Active retirement: This period is often characterized by a desire to enjoy a busy lifestyle filled with travel, entertainment and other leisure activities. While individual spending patterns vary widely, many new retirees experience an increase in discretionary spending in order to pay for these activities.
Passive retirement: This is the stage when energy levels may begin to decline and health issues surface. Devoting more time to family and friends and staying closer to home becomes the preferred way to enjoy leisure time. Discretionary expenditures will likely decline only to be replaced by rising health care costs.
Elderly care: This phase is often marked by a significant decline in physical and mental capacity, a further reduction in vigorous activity and increased health and age-related expenditures.
To better understand human development and spending behavior researchers and practitioners in the fields of psychology, sociology and marketing have studied changes that individuals, couples and families exhibit over their lives. Not surprisingly patterns emerge at various ages and stages in life as people experience major life cycle transitions such as launching a career, starting a family, preparing for a departure from the workforce and then retirement and old age. Personal finance researchers and more recently financial practitioners have begun to make extensive use of these same approaches in studying how people do and perhaps more importantly should make the kinds of financial decisions that have far-reaching consequences for themselves and their families.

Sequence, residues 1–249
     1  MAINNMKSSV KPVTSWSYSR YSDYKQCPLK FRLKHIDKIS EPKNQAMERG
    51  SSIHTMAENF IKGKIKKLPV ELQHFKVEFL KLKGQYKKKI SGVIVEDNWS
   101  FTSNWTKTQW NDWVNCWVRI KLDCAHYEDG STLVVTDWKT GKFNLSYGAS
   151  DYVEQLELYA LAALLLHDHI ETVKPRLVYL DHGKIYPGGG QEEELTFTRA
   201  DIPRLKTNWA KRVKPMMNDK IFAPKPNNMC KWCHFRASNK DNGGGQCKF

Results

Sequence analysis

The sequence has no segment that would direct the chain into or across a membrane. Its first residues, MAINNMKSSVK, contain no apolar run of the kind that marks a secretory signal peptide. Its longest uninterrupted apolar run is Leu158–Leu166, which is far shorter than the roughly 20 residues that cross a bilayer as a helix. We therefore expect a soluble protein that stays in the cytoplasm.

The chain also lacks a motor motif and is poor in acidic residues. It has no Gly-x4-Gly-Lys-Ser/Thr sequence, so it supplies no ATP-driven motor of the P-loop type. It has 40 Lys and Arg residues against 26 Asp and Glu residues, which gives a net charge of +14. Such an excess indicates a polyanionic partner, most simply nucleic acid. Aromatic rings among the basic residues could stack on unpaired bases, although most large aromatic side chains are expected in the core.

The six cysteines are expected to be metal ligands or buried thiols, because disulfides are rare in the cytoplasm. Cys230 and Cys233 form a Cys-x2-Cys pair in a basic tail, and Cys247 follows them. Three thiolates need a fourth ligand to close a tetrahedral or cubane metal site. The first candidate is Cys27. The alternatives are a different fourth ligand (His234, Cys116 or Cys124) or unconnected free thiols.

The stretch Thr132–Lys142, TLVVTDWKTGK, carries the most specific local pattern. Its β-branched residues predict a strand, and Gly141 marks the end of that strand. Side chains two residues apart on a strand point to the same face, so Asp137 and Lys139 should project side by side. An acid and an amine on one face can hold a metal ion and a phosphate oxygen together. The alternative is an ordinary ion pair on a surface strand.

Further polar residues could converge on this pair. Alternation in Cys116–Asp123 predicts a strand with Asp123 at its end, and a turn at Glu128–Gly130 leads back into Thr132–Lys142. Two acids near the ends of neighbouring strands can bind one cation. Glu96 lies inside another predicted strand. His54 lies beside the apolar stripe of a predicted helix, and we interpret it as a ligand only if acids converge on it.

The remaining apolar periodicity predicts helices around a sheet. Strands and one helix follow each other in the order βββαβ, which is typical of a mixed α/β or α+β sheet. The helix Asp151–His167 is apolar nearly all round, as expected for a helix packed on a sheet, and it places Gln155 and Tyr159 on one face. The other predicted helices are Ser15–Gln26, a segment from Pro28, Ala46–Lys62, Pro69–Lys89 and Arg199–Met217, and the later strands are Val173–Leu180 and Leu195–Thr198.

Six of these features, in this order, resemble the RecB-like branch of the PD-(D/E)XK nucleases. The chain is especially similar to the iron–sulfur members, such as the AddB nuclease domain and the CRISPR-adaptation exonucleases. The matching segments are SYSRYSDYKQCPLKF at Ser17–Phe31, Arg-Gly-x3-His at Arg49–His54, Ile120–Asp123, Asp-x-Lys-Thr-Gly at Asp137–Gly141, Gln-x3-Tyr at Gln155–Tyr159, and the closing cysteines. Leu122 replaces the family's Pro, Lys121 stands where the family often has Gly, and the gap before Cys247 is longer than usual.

John Spoto is the founder of Sentry Financial Planning in Andover and Danvers. For more information, call 978-475-2533 or visit www.sentryfinancialplanning.com
This article is for general information purposes only and is not intended to provide specific advice on individual financial, tax, or legal matters. Please consult the appropriate professional concerning your specific situation before making any decisions.